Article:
Proteins that belong to the AAA (ATPases associated with various cellular activities) superfamily of mechanochemical enzymes are versatile and control a wide array of cellular functions. Many AAA proteins share the common property of self-association into oligomeric structures and use nucleotide binding and hydrolysis to regulate their biological output. The Escherichia coli transcription activator PspF (phage shock protein F) is a member of the σ54-dependent transcriptional activators that belong to the AAA protein family. Nucleotide interactions condition the functional state of PspF, enabling it to self-associate and interact with its target, the σ54–RNAP (RNA polymerase) closed complex. The self-association determinants within the AAA domain of σ54-dependent activators remain poorly characterized. In the present study, we have used a fragment of the AAA domain of PspF as a probe to study the nucleotide-conditioned self-association of PspF. Results show that the PspF fragment acts in trans to inhibit specifically self-association of PspF. The PspF fragment prevented efficient binding of nucleotides to PspF, consistent with the observation that the site for nucleotide interactions within an oligomer of AAA proteins is created between two protomers. Using proximity-based footprinting and cross-linking techniques, we demonstrate that the sequences represented in this fragment are close to one protomer–protomer interface within a PspF oligomer. As the sequences represented in this PspF fragment also contain a highly conserved motif that interacts with the σ54–RNAP closed complex, we suggest that PspF may be organized to link nucleotide interactions and self-association to σ54–RNAP binding and transcription activation.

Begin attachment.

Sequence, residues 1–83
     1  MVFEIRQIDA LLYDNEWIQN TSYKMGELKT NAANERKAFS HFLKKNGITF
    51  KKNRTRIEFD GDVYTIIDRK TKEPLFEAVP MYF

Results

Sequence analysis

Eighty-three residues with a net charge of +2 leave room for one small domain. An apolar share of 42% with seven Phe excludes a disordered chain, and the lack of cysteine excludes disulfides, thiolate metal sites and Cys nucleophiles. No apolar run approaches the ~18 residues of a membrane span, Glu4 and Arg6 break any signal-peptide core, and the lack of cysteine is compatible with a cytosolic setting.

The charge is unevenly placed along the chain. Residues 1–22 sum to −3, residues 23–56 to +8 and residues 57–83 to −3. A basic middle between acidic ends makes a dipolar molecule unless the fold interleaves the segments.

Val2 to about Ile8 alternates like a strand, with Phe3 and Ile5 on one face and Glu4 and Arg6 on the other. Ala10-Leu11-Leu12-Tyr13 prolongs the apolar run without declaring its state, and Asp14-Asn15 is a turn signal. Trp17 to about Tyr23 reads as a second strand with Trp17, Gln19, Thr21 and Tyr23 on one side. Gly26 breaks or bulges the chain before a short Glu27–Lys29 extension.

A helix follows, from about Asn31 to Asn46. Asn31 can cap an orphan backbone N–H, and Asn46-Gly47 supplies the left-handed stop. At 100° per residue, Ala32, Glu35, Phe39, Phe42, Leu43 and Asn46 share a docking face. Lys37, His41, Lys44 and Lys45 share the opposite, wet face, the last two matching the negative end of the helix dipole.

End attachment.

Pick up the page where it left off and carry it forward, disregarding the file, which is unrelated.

sigma54-dependent transcription activator phage shock protein F of Escherichia coli: a fragmentation approach to identify sequences that contribute to self-association
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Patricia BORDES, Siva R. WIGNESHWERARAJ, Xiaodong ZHANG, Martin BUCK; sigma54-dependent transcription activator phage shock protein F of Escherichia coli: a fragmentation approach to identify sequences that contribute to self-association. Biochem J 15 March 2004; 378 (3): 735–744. doi: https://doi.org/10.1042/bj20031464
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